generally reIerred to as Roll's critique.

|4|

The model assumes just two dates, so that there is no opportunity to consume and rebalance portIolios

repeatedly over time. The basic insights oI the model are extended and generalized in the intertemporal

CAPM (ICAPM) oI Robert Merton, and the consumption CAPM (CCAPM) oI Douglas Breeden and

Mark Rubinstein.

|citation needed|

CAPM assumes that all investors will consider all oI their assets and optimize one portIolio. This is in

sharp contradiction with portIolios that are held by investors: humans tend to have Iragmented portIolios

(or rather multiple portIolios: Ior each goal one portIolio - see behavioural portIolio theory

|5|

and

Maslowian PortIolio Theory

|6|

.

See also

Arbitrage pricing theory (APT)

Consumption beta (C-CAPM)

EIIicient market hypothesis

Fama-French three-Iactor model

Hamada's equation

Modern portIolio theory

Roll's critique

Valuation (Iinance)

References

^ http://ssrn.com/abstract447580 1.

^ Mandelbrot, B., and Hudson, R. L. (2004). The (Mis)Behaviour oI Markets: A Fractal View oI Risk, Ruin, and

Reward. London: ProIile Books.

2.

^ 'OverconIidence, Arbitrage, and Equilibrium Asset Pricing,' Kent D. Daniel, David HirshleiIer and Avanidhar

Subrahmanyam, Journal oI Finance, 56(3) (June, 2001), pp. 921-965

3.

^ 'ROLL, R. (1977): 'A Critique oI the Asset Pricing Theory`s Tests, Journal oI Financial Economics, 4, 129176. 4.

^ SHEFRIN, H., AND M. STATMAN (2000): 'Behavioral PortIolio Theory, Journal oI Financial and Quantitative

Analysis, 35(2), 127151.

5.

^ DE BROUWER, Ph. (2009): 'Maslowian PortIolio Theory: An alternative Iormulation oI the Behavioural

PortIolio Theory, Journal oI Asset Management, 9 (6), pp. 359365.

6.

Capital asset pricing model - Wikipedia, the Iree encyclopedia http://en.wikipedia.org/wiki/Capitalassetpricingmodel

6 oI 7 2/20/2010 4:53 PM

This page was last modiIied on 19 February 2010 at 07:41.

Text is available under the Creative Commons Attribution-ShareAlike License; additional terms may

apply. See Terms oI Use Ior details.

Wikipedia is a registered trademark oI the Wikimedia Foundation, Inc., a non-proIit organization.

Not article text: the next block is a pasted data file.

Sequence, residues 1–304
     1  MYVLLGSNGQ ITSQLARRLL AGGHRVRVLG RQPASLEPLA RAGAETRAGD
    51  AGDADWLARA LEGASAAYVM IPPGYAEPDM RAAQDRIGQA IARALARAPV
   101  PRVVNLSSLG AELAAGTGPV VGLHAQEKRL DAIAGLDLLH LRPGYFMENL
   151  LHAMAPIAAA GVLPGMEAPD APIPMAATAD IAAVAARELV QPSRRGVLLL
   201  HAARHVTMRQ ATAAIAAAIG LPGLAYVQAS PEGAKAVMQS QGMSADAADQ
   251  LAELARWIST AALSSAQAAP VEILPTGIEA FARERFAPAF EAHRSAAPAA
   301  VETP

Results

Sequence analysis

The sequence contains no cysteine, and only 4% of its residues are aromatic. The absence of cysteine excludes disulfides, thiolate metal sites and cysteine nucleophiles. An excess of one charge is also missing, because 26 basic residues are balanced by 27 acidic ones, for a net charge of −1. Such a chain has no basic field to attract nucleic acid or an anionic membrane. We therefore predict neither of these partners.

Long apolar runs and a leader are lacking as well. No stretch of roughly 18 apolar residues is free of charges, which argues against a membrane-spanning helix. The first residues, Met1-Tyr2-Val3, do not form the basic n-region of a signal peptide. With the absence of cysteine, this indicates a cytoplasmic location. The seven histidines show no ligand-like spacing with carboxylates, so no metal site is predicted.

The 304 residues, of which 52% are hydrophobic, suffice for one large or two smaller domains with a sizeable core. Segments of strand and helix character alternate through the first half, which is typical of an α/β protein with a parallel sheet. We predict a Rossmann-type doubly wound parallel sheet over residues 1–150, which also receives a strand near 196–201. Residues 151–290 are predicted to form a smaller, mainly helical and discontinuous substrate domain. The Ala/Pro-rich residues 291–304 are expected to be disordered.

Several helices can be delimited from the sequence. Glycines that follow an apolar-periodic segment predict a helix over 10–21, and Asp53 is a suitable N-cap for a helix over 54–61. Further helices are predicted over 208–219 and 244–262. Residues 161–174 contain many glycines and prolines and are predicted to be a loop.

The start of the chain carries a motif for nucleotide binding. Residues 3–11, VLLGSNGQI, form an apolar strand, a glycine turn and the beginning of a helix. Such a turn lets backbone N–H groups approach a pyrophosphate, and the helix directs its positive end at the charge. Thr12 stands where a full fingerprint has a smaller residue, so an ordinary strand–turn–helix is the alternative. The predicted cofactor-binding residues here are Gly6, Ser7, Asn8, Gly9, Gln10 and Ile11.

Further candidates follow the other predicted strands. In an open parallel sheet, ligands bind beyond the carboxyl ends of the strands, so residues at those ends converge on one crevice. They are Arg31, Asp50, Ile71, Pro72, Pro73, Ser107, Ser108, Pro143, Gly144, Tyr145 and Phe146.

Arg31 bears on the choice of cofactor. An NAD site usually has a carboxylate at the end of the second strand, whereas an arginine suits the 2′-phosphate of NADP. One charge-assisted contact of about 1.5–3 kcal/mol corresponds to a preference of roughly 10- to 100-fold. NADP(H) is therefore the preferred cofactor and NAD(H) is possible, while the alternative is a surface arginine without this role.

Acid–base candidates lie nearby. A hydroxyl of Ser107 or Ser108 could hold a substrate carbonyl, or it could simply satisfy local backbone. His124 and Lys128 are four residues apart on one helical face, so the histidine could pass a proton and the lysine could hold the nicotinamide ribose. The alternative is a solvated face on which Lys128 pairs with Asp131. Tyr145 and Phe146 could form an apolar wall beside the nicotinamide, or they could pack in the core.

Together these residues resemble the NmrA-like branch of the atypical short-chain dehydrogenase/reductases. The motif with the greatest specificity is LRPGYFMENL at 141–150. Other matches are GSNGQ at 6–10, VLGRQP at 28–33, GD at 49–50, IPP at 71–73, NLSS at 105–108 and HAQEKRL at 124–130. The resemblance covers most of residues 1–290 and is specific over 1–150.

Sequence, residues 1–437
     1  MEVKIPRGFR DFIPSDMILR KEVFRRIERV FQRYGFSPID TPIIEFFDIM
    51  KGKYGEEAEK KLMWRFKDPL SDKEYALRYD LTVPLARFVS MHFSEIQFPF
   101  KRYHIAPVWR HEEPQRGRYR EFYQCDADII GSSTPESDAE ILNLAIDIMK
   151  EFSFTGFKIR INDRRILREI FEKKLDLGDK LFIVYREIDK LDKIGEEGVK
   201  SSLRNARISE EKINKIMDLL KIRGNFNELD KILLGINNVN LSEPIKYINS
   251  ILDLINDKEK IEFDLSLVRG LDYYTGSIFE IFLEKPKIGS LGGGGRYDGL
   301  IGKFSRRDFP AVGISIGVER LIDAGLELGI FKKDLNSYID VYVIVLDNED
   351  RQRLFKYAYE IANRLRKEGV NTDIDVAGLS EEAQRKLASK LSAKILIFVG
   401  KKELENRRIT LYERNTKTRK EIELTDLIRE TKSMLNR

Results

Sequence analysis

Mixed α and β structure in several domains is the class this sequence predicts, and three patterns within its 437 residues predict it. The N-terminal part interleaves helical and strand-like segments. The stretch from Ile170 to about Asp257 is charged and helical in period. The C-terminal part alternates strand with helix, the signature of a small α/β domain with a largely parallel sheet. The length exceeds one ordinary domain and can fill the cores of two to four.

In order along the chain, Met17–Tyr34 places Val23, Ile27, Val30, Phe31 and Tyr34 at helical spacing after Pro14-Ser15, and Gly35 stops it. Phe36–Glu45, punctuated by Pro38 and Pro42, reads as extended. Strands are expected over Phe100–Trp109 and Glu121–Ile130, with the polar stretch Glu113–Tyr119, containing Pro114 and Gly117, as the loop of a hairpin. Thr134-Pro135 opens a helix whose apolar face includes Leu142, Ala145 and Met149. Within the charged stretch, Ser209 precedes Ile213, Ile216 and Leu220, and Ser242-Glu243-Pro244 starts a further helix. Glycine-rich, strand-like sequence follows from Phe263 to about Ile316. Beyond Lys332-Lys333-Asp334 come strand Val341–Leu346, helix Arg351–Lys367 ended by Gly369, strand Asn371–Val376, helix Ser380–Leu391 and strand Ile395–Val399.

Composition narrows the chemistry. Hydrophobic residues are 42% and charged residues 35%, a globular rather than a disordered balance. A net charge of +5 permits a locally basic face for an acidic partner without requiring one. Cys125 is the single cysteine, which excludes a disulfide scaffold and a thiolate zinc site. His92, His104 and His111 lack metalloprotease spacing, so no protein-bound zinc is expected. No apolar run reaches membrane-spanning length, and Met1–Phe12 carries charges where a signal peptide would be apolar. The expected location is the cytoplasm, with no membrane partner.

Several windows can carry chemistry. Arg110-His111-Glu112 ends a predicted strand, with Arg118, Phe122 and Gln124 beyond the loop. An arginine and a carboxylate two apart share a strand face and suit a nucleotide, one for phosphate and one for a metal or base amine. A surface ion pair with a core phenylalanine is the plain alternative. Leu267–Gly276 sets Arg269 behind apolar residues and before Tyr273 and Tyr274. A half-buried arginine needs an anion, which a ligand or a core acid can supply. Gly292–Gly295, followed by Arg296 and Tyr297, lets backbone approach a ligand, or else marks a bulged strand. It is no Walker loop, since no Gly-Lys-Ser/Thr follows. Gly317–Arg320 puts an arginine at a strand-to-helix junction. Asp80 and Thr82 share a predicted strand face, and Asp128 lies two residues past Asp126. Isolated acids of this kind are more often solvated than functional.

Bibliography

Black, Fischer., Michael C. Jensen, and Myron Scholes (1972). The Capital Asset Pricing Model. Some

Empirical Tests, pp. 79-121 in M. Jensen ed., Studies in the Theory oI Capital Markets. New York:

Praeger Publishers.

Fama, Eugene F. (1968). Risk, Return and Equilibrium. Some Clarifving Comments. Journal oI Finance

Vol. 23, No. 1, pp. 29-40.

Fama, Eugene F. and Kenneth French (1992). The Cross-Section of Expected Stock Returns. Journal oI

Finance, June 1992, 427-466.

French, Craig W. (2003). The Trevnor Capital Asset Pricing Model, Journal oI Investment Management,

Vol. 1, No. 2, pp. 60-72. Available at http://www.joim.com/

French, Craig W. (2002). Jack Trevnors Toward a Theorv of Market Jalue of Riskv Assets (December).

Available at http://ssrn.com/abstract628187

Lintner, John (1965). The valuation of risk assets and the selection of riskv investments in stock

portfolios and capital budgets, Review oI Economics and Statistics, 47 (1), 13-37.

Markowitz, Harry M. (1999). The earlv historv of portfolio theorv. 1600-1960, Financial Analysts

Journal, Vol. 55, No. 4

Mehrling, Perry (2005). Fischer Black and the Revolutionary Idea oI Finance. Hoboken: John Wiley &

Sons, Inc.

Mossin, Jan. (1966). Equilibrium in a Capital Asset Market, Econometrica, Vol. 34, No. 4, pp. 768-783.

Ross, Stephen A. (1977). The Capital Asset Pricing Model (CAPM), Short-sale Restrictions and Related

Issues, Journal oI Finance, 32 (177)

Rubinstein, Mark (2006). A History oI the Theory oI Investments. Hoboken: John Wiley & Sons, Inc.

Sharpe, William F. (1964). Capital asset prices. A theorv of market equilibrium under conditions of risk,

Journal oI Finance, 19 (3), 425-442

Stone, Bernell K. (1970) Risk, Return, and Equilibrium: A General Single-Period Theory oI Asset

Selection and Capital-Market Equilibrium. Cambridge: MIT Press.

Tobin, James (1958). Liquiditv preference as behavior towards risk, The Review oI Economic Studies,

25

Treynor, Jack L. (1961). Market Jalue, Time, and Risk. Unpublished manuscript.

Treynor, Jack L. (1962). Toward a Theorv of Market Jalue of Riskv Assets. Unpublished manuscript. A

Iinal version was published in 1999, in Asset Pricing and PortIolio PerIormance: Models, Strategy and

PerIormance Metrics. Robert A. Korajczyk (editor) London: Risk Books, pp. 15-22.

Mullins, David W. (1982). Does the capital asset pricing model work?, Harvard Business Review,

January-February 1982, 105-113.

External links

Two asset eIIicient Irontier (http://www.duke.edu/~charvey/twoasset/index.html)

Multiasset eIIicient Irontier (http://www.duke.edu/~charvey/Irontier/Irontier.html)

Retrieved Irom "http://en.wikipedia.org/wiki/Capitalassetpricingmodel"

Categories: Finance theories , Mathematical Iinance , Financial markets , PortIolio theories